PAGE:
A perplexing problem of plastic in Bird Island’s Sooty Tern colony

A fragment of plastic in the nest of a Sooty Tern on Bird Island, Seychelles; other examples below (Photos: Chris Feare)

There can be few who are unaware of the ubiquitous problems faced by the world’s oceans as more and more tonnes of plastic contaminants enter them. A wide variety of plastic bottles, sheeting, fishing waste (buoys, line, fish aggregating devices [see my blog of 13 June 2017]) polystyrene packaging, flip-flops and other shoes, wash up regularly on tiny and remote Bird Island’s tide lines. Closer to major shipping routes, Seychelles’ southern islands and atolls, Farquhar, Aldabra, Cosmoledo, Astove and Assumption, experience much more serious bombardment of their shores and on one occasion, under very calm conditions, off Assumption I saw the sea surface to be littered by plastic from the island shore to the horizon.

In the 1990s I became aware of small fragments of plastic on the ground inside the Sooty Tern colony on Bird Island. These fragments are readily visible as we walk through the colony, irregularly shaped, often four-sided but sometimes circular, and rarely more than 10 mm maximum dimension. I still have no idea how they get there! But they do seem to be related to the Sooty Terns’ presence.

This year I have looked a bit more closely but have not made a detailed study. The first general point is that they are much more abundant within the Sooty Tern colony than elsewhere. We do see them in much smaller numbers on sections of the beach where some flocks of Sooty Terns roost at night but are absent during the day, but elsewhere on stable open sandy areas we have not found them. Nor do we find them in other parts of the island, for example on the airstrip or around the hotel or staff accommodation – these are areas of short grass where plastic fragments would be visible but their absence here, along with the absence of Sooty Terns, suggests that the distribution of plastic fragments is associated with the presence of these birds. The much greater abundance within the Sooty Terns’ traditional nesting area could represent an accumulation over many years, along with an annual input from breeding birds.

Within the nesting colony most fragments are seen within about 10 cm of nest depressions and occasionally within them, very close to the egg. In the 1990s I did place plastic fragments near nests to see if incubating Sooty Terns pulled them closer, but they did not, suggesting that they are not used as some kind of marker or nest decoration.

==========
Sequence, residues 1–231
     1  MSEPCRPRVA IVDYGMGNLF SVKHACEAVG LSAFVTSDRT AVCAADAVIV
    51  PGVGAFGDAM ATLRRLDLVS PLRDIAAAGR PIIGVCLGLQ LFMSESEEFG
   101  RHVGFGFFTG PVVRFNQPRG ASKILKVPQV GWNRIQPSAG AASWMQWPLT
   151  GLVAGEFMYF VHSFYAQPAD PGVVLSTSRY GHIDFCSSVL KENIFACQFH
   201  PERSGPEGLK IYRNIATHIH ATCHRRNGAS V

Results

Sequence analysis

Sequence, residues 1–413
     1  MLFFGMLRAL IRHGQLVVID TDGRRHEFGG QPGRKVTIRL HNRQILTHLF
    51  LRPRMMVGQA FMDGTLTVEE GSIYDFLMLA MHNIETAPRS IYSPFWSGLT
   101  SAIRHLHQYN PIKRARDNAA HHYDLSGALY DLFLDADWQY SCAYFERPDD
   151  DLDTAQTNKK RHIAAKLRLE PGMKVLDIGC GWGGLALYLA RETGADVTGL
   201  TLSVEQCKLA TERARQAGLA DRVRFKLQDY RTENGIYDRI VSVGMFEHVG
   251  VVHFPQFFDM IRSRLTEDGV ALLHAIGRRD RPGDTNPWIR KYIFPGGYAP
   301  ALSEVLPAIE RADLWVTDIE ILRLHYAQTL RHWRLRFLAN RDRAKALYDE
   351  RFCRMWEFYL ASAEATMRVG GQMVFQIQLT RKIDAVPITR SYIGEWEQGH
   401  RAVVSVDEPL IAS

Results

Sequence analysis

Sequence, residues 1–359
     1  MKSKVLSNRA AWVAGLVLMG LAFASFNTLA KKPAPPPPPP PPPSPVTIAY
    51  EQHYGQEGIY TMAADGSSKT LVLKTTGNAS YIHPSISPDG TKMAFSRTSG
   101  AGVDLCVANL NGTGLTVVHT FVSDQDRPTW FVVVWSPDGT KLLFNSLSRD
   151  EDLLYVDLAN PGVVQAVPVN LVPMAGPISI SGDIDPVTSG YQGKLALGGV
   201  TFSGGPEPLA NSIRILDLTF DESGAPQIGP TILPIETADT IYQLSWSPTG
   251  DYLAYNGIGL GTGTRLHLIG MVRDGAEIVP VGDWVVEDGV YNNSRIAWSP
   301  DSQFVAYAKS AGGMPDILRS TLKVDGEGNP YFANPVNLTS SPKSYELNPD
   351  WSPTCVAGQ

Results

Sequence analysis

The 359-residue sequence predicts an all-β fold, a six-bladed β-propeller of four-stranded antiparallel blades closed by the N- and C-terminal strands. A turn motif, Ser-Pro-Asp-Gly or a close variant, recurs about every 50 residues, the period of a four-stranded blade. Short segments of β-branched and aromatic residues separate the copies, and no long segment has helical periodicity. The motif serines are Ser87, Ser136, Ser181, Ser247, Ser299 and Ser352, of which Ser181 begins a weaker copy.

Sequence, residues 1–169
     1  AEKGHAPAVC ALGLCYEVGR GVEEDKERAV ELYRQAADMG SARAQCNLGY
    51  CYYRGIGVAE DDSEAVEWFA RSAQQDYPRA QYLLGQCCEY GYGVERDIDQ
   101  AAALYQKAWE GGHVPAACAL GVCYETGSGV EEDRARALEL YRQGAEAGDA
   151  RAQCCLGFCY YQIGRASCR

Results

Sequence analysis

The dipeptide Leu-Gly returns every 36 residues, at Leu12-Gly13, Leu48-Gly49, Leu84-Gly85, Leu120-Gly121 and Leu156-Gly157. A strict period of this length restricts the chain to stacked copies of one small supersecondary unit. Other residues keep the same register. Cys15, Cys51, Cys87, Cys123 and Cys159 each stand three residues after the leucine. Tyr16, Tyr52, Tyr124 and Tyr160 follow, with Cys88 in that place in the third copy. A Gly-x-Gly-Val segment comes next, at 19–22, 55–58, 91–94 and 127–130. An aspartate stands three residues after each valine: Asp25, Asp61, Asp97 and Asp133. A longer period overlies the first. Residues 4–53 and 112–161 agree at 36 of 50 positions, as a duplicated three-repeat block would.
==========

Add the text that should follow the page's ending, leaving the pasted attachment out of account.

Sooty Tern with a circular piece of plastic near its nest (Photo: Chris Feare)

Another notable feature is the colour of the plastic fragments. They are almost entirely blue, turquoise or green. This year we have noted a few pink or red ones but these are exceptional. While the plastics washed up on the beach appear in a wide range of colours, we have never found fragments in the colony that are black, white, grey, yellow or translucent. If Sooty Terns are indeed the importers of the plastic fragments, the colours of the fragments found in the colony suggest that some selectivity is involved, favouring blues and greens. In other species of seabird it has been suggested that feeding individuals might mistake pieces of plastic for fish, but we are unaware of support for this possibility in Sooty Terns.

For other seabird species, and other marine life, ingestion of plastic has been found to be highly injurious, sometimes fatal. We do not yet know whether Sooty Terns are ingesting the plastic, and then regurgitating or excreting it in the colony, or if it is regurgitated in food given to their chicks. Thankfully, we have not seen signs of unusual mortality in adult Sooty Terns on Bird Island or of young birds in the colony.The presence of these fragments in the colony, however, is another sign of the ubiquity of plastic in the oceanic environment and of a potential man-made risk to one of the most numerous tropical seabirds.

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